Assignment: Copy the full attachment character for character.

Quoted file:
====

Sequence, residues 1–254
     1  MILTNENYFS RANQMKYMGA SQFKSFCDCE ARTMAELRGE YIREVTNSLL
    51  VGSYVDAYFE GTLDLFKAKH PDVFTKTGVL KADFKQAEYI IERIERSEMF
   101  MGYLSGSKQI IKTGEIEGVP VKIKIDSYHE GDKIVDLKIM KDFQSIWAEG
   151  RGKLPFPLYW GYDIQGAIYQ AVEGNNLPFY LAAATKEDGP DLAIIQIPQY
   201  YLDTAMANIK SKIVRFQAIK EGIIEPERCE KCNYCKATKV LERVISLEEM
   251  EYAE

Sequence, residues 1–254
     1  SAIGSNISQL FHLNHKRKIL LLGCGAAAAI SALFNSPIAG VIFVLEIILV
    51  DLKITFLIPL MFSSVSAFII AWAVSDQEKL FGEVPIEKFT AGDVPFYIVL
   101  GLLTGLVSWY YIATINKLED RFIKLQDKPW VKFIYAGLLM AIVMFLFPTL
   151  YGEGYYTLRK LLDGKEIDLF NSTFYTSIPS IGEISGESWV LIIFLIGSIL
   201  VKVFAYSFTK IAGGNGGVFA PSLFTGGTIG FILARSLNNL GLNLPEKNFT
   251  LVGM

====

Sequence, residues 1–254
     1  MILTNENYFS RANQMKYMGA SQFKSFCDCE ARTMAELRGE YIREVTNSLL
    51  VGSYVDAYFE GTLDLFKAKH PDVFTKTGVL KADFKQAEYI IERIERSEMF
   101  MGYLSGSKQI IKTGEIEGVP VKIKIDSYHE GDKIVDLKIM KDFQSIWAEG
   151  RGKLPFPLYW GYDIQGAIYQ AVEGNNLPFY LAAATKEDGP DLAIIQIPQY
   201  YLDTAMANIK SKIVRFQAIK EGIIEPERCE KCNYCKATKV LERVISLEEM
   251  EYAE

Sequence, residues 1–254
     1  SAIGSNISQL FHLNHKRKIL LLGCGAAAAI SALFNSPIAG VIFVLEIILV
    51  DLKITFLIPL MFSSVSAFII AWAVSDQEKL FGEVPIEKFT AGDVPFYIVL
   101  GLLTGLVSWY YIATINKLED RFIKLQDKPW VKFIYAGLLM AIVMFLFPTL
   151  YGEGYYTLRK LLDGKEIDLF NSTFYTSIPS IGEISGESWV LIIFLIGSIL
   201  VKVFAYSFTK IAGGNGGVFA PSLFTGGTIG FILARSLNNL GLNLPEKNFT
   251  LVGM